• Data Lake should be highly privileged access only, basically to your database engineering person or team. Data Warehouse PII needs to be anonymized, but can maintain uniqueness.
      • Obfuscate! Instead of, use or (for any publicly addressable internal system: email, ftp, etc.). This adds another barrier for a malicious actor to compromise your systems.

      Software Architecture

      • XSS (cross site scripting) - utilizing weaknesses in your website's scripting and form implementation, malicious users can inject their own scripts onto the page, which then gives them full control of your page's behavior.
      • SQL Injection - using an unhardened data access layer, a user can inject database commands which could be used to render pages to inject malicious scripts, or insert, update, and delete your data.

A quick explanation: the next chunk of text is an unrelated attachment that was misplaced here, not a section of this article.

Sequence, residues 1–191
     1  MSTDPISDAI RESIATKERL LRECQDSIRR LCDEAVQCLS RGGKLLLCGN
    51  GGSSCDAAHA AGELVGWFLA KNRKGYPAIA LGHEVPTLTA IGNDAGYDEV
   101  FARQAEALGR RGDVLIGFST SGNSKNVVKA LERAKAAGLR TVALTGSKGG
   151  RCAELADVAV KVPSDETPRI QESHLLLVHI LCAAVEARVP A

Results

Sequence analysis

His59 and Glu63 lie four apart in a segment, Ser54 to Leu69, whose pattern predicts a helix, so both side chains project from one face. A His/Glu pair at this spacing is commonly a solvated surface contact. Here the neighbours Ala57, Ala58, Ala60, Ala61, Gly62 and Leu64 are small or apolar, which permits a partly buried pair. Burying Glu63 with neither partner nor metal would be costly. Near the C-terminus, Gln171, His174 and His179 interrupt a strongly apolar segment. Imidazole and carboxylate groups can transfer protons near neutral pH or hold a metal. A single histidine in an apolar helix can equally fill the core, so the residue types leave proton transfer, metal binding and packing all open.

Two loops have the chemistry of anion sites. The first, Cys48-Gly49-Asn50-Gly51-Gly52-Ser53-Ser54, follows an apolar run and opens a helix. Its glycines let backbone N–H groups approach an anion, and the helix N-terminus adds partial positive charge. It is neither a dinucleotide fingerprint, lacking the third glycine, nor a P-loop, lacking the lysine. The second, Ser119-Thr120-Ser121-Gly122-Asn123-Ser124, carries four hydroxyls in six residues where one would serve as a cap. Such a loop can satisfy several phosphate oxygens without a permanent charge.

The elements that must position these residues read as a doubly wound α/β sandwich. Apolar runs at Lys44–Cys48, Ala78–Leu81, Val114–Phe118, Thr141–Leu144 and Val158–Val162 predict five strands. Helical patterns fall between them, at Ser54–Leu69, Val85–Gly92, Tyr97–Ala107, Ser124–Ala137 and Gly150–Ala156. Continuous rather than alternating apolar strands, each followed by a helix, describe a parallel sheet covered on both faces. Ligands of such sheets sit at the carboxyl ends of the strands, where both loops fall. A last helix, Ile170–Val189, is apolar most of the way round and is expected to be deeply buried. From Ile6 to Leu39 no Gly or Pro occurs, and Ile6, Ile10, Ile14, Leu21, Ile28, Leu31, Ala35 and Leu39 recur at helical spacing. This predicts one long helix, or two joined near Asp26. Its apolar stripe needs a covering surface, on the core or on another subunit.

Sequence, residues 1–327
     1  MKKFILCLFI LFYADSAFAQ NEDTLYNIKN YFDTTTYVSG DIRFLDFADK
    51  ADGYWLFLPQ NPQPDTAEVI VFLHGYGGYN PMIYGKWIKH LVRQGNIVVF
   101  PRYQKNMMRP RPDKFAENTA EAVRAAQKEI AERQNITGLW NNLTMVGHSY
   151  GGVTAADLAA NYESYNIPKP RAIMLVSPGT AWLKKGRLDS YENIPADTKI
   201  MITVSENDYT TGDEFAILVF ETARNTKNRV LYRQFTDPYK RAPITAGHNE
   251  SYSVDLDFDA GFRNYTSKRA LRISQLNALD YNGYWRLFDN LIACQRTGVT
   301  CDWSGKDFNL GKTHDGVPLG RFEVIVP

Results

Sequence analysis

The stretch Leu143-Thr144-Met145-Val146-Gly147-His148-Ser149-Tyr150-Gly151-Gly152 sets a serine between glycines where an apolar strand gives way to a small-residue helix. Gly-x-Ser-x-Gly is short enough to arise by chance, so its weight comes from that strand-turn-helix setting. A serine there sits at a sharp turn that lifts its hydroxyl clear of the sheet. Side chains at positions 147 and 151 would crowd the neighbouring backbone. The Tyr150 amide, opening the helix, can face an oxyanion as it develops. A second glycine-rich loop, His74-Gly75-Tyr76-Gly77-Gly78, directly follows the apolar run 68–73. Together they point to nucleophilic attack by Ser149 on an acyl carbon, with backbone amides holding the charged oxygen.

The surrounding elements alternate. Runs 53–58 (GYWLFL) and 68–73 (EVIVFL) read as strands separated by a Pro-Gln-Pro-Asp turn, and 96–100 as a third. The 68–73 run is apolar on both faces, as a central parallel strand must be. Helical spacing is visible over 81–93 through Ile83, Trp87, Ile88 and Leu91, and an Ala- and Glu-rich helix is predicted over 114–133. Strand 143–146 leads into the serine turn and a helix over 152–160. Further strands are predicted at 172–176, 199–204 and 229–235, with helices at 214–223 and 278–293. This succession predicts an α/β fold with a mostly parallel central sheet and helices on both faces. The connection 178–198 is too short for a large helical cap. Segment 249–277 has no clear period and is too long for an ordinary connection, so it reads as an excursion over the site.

• Session Jacking - the practice of using session keys stolen from a legitimate client to impersonate that client.
      • Man-in-the-middle - a malicious software / hardware instance between a legitimate client and a legitimate server, responding to both as the original would, but capturing or surgically modifying the payloads while responding.

      Common defense strategies:
      • Make sure your integrated service providers have the appropriate certifications and reports; look for some type of ISO 27000 compliance and SOC 2 or 3 reports.
      • PCI SAQ - something your payment gateway provider will likely ask for if you have an ecommerce presence. These require a signature to confirm compliance, and as with anything you sign, you need to fully understand what you are agreeing to.